Get Personal with a GPU
• Lost a password? Using GPU-accelerated software from Elcomsoft, you can recover your password 50 times faster than with conventional software. Called the Elcomsoft Distributed Password Recovery, prices start at $599. http://www.elcomsoft.com/edpr.html
•To discover how computing with GPU is affecting finance, life sciences, digital content creation, entertainment and more, head to http://www.nvidia.com/object/cuda_home. html
• If you’ve got an existing graphics card and want to further accelerate the gaming engine, get this free download for the PhysX engine. http://www.softpedia.com/downloadTag/GPU+Acceleration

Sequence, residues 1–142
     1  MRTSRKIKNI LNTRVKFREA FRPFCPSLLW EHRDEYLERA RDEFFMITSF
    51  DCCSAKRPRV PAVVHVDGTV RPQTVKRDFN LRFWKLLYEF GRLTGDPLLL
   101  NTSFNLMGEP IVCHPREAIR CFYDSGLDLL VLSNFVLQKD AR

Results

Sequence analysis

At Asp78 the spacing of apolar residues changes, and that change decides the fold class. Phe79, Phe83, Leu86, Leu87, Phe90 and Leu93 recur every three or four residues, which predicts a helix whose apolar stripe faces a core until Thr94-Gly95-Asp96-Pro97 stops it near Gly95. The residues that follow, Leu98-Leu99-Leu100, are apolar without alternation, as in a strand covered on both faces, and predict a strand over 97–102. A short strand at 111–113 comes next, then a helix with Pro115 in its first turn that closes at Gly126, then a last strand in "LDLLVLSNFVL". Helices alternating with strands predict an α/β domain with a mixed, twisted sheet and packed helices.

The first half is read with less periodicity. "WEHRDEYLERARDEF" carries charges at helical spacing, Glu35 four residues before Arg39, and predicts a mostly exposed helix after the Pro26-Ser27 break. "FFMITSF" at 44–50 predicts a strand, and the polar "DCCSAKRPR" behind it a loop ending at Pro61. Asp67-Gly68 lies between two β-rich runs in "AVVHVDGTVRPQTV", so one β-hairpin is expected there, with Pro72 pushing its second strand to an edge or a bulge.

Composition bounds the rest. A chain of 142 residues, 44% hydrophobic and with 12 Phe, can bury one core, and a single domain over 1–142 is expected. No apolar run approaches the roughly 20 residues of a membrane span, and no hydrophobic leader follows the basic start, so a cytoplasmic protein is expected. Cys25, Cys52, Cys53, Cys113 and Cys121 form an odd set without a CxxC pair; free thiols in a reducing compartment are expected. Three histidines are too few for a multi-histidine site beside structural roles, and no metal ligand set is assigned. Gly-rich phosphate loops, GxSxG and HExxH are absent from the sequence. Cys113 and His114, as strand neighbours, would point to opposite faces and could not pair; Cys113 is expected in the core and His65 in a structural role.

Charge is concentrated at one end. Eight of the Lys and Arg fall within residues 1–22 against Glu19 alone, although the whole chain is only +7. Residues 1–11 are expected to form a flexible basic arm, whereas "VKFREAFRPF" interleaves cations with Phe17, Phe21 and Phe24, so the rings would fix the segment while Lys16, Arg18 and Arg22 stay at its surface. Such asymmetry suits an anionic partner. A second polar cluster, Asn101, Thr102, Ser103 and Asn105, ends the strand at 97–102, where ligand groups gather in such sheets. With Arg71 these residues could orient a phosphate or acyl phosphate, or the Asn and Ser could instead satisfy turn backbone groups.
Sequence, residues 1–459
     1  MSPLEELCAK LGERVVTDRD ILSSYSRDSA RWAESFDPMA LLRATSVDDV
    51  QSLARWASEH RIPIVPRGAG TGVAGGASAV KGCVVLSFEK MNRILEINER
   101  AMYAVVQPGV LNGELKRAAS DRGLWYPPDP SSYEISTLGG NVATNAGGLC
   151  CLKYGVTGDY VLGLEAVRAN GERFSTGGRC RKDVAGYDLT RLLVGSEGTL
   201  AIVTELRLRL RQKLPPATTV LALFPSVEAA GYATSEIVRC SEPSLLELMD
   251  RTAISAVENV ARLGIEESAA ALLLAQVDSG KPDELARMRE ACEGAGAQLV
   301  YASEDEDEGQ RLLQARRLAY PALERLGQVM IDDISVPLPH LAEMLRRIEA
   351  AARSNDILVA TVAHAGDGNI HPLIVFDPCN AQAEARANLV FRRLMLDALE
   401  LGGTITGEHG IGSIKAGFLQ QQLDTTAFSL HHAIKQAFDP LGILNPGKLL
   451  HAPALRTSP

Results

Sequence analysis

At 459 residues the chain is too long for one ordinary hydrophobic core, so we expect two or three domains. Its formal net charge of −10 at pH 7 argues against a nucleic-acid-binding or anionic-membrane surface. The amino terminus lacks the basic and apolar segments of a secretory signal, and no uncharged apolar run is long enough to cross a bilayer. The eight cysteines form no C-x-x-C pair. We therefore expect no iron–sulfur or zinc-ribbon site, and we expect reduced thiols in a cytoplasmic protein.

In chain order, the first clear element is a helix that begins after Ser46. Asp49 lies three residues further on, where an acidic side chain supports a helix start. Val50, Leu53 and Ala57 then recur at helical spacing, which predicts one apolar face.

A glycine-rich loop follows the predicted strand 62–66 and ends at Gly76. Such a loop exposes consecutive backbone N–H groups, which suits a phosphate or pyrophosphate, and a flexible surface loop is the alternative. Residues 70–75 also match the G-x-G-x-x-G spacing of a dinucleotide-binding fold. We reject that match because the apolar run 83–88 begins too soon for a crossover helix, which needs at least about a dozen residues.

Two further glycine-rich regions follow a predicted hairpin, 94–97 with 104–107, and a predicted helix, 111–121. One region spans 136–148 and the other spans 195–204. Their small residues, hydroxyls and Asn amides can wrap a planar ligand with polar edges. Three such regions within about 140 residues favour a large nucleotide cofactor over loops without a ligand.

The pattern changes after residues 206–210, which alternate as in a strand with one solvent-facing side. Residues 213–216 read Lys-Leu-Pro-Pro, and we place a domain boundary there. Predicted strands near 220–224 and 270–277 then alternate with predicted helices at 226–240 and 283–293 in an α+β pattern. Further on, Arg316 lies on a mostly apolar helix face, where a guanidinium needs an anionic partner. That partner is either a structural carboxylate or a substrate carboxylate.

• Claimed to be “the most powerful graphics processor in the world”, the ATI Radeon HD 4890 is blindingly fast, at 1.36 teraflops of raw computing power, and available for $189-249, while its nearest competitor, the Nvidia GeForce GTX 280, delivers 1.06 teraflops, starting from $349-546. Check out the online stores on their respective sites, Amd.com and Nvidia.com. Such impressive speeds were unheard of in the GPU segment, demonstrating why the GPU may just disrupt the CPU industry.
For finest prints
The new Hewlett-Packard PhotoSmart Premium with TouchSmart Web printer ($400) has a Web user interface that connects to your PC and the Web via built-in Wi-Fi and can print photos, coupons, maps, event tickets and more. It is an all-in-one device that prints, faxes, copies and scans. You navigate the TouchSmart Web feature via a 4.33-inch touch-screen control panel that has an intuitive interface. You can connect directly to Snapfish (HP’s online photo-sharing site) to print photos.
©2009/THE NEW YORK TIMES